Statement by the IMF Mission on the 2007 Article IV Consultation Discussions with BarbadosPress Release No. 07/165
July 20, 2007
An International Monetary Fund (IMF) mission headed by Christina Daseking, Deputy Division Chief in the IMF's Western Hemisphere Department, issued the following statement on July 19, 2007 at the end of its discussions in Bridgetown:
"An IMF team visited Bridgetown during the past two weeks to review recent economic and financial developments and to discuss economic prospects and policies, as part of its routine annual consultation with Barbados. To this end, the team met with officials in the Ministries of Finance and Economic Affairs, the Central Bank of Barbados, other supervisory and regulatory agencies, as well as representatives of the private sector and the opposition.
"Following solid economic growth in 2006, with a drop in the unemployment rate to historical lows, prospects for 2007 are favorable. The economy is projected to grow at some 4 percent in 2007, and inflation is expected to slow to 5½ percent. The external current account deficit, which narrowed considerably since 2004-05, is projected to remain stable at about 8½ percent of GDP.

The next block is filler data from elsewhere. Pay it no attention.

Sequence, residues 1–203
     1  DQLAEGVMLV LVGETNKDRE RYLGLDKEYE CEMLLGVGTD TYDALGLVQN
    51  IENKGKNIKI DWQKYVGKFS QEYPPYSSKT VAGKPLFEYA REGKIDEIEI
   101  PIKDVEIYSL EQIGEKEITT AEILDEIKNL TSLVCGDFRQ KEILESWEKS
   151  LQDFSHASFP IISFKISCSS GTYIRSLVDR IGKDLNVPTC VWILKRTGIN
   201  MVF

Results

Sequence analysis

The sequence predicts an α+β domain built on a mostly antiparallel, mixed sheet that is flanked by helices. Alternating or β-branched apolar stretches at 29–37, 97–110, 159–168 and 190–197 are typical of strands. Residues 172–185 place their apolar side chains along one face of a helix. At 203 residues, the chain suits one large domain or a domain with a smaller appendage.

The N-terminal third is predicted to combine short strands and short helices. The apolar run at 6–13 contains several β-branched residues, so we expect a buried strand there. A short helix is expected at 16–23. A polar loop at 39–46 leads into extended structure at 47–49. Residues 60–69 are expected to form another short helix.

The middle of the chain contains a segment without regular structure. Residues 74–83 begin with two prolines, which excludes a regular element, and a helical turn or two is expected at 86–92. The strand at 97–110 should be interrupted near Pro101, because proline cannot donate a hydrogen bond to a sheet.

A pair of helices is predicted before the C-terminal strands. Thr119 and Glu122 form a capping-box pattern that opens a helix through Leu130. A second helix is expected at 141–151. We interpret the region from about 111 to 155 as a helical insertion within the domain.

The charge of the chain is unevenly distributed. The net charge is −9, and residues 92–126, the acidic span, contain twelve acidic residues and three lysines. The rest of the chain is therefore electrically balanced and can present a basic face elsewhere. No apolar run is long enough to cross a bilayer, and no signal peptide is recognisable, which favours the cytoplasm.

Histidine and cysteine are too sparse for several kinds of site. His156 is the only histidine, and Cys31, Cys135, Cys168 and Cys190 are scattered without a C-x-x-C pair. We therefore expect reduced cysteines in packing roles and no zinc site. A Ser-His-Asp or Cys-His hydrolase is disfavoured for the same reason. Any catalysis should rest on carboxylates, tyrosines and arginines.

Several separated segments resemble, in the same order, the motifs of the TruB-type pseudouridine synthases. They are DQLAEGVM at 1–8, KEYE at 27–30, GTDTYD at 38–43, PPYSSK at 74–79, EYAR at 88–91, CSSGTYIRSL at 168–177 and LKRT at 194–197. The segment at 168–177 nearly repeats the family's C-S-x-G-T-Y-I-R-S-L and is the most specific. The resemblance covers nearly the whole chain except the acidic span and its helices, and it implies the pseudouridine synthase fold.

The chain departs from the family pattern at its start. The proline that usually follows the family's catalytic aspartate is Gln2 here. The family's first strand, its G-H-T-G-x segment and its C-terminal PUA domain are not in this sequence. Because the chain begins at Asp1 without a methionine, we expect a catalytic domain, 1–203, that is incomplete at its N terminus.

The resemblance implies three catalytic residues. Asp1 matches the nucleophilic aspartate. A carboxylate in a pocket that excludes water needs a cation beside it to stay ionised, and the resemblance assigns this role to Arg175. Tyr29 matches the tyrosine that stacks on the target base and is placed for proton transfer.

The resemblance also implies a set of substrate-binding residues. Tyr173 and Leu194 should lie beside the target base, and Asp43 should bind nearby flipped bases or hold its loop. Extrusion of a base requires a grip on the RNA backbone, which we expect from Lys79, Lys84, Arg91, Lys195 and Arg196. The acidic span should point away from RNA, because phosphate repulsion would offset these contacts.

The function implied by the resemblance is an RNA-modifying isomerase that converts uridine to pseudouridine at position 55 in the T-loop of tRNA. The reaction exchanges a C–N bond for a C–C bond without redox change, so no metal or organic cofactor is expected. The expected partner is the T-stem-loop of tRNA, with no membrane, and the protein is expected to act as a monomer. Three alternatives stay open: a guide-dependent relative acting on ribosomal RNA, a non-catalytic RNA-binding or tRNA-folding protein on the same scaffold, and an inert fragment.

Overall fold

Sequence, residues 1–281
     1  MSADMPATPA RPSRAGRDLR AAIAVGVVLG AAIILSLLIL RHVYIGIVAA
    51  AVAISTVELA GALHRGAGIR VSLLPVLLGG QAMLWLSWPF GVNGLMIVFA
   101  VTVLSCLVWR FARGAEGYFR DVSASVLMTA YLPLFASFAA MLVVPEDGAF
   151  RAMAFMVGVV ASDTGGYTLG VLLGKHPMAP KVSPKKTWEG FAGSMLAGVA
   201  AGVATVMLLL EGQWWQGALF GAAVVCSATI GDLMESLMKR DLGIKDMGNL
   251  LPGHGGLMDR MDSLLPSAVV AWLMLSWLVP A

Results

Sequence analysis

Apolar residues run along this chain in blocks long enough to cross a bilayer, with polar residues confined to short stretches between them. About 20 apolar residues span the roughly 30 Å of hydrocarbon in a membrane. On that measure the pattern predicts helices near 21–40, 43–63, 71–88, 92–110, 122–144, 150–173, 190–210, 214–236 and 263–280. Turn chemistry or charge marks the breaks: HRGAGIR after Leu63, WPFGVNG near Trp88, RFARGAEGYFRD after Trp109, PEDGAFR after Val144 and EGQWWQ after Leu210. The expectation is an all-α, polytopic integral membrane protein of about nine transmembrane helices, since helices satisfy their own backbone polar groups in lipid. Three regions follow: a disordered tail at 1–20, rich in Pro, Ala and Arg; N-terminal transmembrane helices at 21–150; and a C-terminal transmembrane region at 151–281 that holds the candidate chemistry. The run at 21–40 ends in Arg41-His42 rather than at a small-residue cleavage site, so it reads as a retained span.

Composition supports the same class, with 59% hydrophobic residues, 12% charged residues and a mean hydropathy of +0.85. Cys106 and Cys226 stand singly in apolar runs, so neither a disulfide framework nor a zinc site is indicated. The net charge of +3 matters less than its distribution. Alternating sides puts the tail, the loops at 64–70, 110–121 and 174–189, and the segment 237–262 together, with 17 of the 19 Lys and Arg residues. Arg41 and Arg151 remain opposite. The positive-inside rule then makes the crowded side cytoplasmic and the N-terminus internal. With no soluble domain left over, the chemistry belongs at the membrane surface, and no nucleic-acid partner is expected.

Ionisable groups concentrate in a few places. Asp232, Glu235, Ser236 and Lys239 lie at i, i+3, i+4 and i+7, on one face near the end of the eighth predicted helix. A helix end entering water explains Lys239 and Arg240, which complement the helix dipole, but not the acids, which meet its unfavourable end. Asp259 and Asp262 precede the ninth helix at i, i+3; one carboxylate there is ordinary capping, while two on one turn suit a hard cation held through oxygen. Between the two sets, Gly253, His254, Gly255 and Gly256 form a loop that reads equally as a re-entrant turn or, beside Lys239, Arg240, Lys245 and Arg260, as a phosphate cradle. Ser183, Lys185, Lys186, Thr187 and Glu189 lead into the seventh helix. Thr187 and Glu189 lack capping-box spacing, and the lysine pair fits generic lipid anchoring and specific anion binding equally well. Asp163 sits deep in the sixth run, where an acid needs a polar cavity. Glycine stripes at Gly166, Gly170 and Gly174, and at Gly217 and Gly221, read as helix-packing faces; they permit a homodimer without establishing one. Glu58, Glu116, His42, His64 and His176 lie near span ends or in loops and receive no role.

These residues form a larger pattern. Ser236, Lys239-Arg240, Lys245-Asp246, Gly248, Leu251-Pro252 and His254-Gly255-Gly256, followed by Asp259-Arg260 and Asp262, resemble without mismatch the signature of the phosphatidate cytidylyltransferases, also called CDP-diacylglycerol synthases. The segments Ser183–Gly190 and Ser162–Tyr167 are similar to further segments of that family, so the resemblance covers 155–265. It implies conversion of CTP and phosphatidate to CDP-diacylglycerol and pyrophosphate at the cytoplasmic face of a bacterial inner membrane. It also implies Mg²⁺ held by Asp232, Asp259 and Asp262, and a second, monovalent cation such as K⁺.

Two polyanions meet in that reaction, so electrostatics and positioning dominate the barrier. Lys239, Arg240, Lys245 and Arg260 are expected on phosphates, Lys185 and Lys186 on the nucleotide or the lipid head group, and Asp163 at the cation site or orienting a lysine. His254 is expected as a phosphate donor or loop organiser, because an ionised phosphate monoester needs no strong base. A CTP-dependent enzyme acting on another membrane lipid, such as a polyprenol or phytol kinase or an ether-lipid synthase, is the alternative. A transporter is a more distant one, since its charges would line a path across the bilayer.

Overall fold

"The discussions centered on the Prime Minister's recent announcement to liberalize the country's capital account, initially vis-à-vis other CARICOM countries. This move marks an important milestone in Barbados' process of increased regional and global integration, but also requires the support of strong economic and financial policies. The discussions covered three policy areas that both sides agreed would be critical for a successful liberalization:
• Fiscal consolidation—to reduce external current account imbalances and high public debt, in order to maintain the scope for an effective policy response to shocks and uphold the credibility of the dollar peg.
• Market-based monetary policy instruments—to effectively manage domestic liquidity in a more volatile environment.
• Effective financial sector regulation and supervision—to guard against excessive exposures to exchange rate risks and cross-border spillovers.
"On its return to Washington D.C., the team will prepare a staff report that is tentatively scheduled to be discussed by the IMF's Executive Board in early September. It is expected that the staff report will soon thereafter be made available to the general public, including by its posting on the IMF's external website."